Dozens of public school board members across the Commonwealth have signed an open letter to Pennsylvania voters and families warning of the threat they say Republican gubernatorial candidate Doug Mastriano poses to funding for public education.
The letter — which as of Friday morning had garnered 70 signatures from elected Democratic and Republican members of the public school board in 26 districts — calls Mastriano’s financial plan “dangerously out of touch with the majority of Pennsylvania families” and claims the senator from the state, if elected, has pledged to cut public funding for schools by more than 50%.
This figure comes from a March radio interview with WRTA in Blair Countywhere Mastriano proposed reducing per-student funding in the state from $19,000 to around $9,000 per student, telling the host that the money would also be siphoned off: “Instead of funding a school system, the money should go to students.
Students and parents, Mastriano said in the interview, could then decide whether they attend a public, private, charter, or home school.
Mastriano, a strong advocate of school choice, has since slammed critics of that suggestion, with his campaign saying “That’s not his plan.” It now pledges to “fully fund schools and teachers, protect students and hold parents accountable”.
His campaign website lays out some details regarding its school funding proposals – including establishing Controversial Education Opportunity Accounts for Parents and Expanded Education Enhancement Tax Credit (EITC) that provide tax breaks to companies that provide scholarships to private schools, but do not include metrics on dollar amounts per student or plans for public schools.
Scott Overland, vice chairman of the Phoenixville Area School Board in Chester County, said he led the open letter effort last week, reaching out to local public school board members across the country. State, by “obligation to do something”.
Overland said he received an overwhelming response, with school board members still urged to be added as signatories. The letter includes signatures from a handful of board members from the greater Philadelphia area, including Upper Darby, Pottstown, Norristown, Upper Dublin, West Chester, North Penn and Downingtown schools.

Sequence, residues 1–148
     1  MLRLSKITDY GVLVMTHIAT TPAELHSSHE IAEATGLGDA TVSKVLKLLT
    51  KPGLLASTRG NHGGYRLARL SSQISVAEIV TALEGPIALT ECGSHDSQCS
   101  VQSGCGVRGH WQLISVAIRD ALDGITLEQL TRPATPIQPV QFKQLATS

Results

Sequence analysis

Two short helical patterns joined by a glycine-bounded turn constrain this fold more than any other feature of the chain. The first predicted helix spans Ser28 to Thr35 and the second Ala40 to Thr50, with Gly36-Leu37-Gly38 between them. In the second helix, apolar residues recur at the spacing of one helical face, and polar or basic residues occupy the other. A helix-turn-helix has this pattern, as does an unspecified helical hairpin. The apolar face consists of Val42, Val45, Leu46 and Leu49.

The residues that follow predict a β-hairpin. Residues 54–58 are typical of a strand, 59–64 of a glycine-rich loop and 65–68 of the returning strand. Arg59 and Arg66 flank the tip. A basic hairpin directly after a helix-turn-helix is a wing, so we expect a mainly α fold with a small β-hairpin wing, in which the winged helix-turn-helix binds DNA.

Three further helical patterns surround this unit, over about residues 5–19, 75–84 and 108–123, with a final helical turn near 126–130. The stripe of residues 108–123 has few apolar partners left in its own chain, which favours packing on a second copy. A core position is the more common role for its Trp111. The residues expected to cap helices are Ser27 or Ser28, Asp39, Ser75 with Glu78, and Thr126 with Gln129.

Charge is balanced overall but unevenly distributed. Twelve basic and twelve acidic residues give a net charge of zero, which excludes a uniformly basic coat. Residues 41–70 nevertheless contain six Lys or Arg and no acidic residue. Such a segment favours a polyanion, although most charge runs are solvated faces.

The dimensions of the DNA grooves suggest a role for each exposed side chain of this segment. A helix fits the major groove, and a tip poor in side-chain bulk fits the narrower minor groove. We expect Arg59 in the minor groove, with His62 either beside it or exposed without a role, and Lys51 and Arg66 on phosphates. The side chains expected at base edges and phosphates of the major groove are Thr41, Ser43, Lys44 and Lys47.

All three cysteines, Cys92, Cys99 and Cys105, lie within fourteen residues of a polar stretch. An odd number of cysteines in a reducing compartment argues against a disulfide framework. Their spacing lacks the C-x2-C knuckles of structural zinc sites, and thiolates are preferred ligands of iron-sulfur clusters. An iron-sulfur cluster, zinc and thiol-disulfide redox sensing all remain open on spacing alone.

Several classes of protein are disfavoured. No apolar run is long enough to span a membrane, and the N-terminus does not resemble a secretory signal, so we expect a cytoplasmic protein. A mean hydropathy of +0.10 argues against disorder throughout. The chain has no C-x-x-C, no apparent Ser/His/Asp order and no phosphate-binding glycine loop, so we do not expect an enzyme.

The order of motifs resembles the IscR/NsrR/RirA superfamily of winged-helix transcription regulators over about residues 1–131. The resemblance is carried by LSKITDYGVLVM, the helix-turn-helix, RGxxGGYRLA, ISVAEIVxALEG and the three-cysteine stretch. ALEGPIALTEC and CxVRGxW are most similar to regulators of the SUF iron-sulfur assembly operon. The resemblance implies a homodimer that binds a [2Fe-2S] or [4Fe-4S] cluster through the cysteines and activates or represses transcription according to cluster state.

“This is something that will have such a severe impact on all of our communities across Pennsylvania that we must do all we can, as stewards of the public education system, as directors of school boards, to make sure people are aware that this is a real threat,” said Overland, whose daughter is a freshman in the district. He was elected to the Phoenixville-area board of directors on the Democratic slate. and Republican last year.
The letter endorses Democratic candidate Josh Shapiro, calling him “a candidate who believes education is at the heart of a bright future.”
“It’s not politics, it’s about real impact in our communities,” Overland said.
Damien Christopher Warsavage, a school board member for Upper Darby School District since 2019, said he signed the letter not just as a board member, but as a district alumnus who has seen the effects budget cuts to public school art programs. firsthand.
Warsavage, who was elected on a nonpartisan list, said he fears cuts to public school funding will turn the “educational experience into a commodity that the private sector…should profit from.”
“That’s not why any of us are in this business,” Warsavage said. “Our children will remember that.”
The letter from school board members follows additional criticism from the Pennsylvania State Education Association, the Commonwealth’s largest teachers’ union, which in August called Mastriano’s plan “completely irresponsible”.
The The PEAS published an analysis – filling in some details based on limited information provided by Mastriano’s campaign about his education funding plans – predicting a $12.75 billion funding cut that would result in the loss of tens of thousands of jobs in the whole state.
The analysis also noted that Mastriano has repeatedly called for eliminating the ability of schools to collect property taxwhat raises a crucial sum of money for many public school districts.
Mastriano’s campaign then released a one minute video calling the union’s analysis a “coordinated attack” and misleading.
Other goals listed in his campaign plan for pennsylvania include “an immediate ban” on so-called critical race theory and gender studies in schools, and a “thorough review” of districts’ diversity, equity and inclusion plans.
Mastriano’s campaign did not respond to a request for comment on Friday, but the candidate briefly explained his stance on school funding during a campaign stop at Gatsby’s Bar & Grill in Delaware County last month, pointing out that he had voted for the state budget in July, which has seen a historic increase in school funding.
READ MORE: Doug Mastriano’s security bubble insulates him from prying eyes and dissenting opinions
“The fact is, you know, we just passed Senate and House legislation, and I voted ‘yes’ on increasing education funding by $850 million,” Mastriano said. to the crowd in Aston.
“Are you kidding me? And I’m going to cut education? I mean, facts are stubborn things. So really, shut up.
Writer William Bender contributed to this article.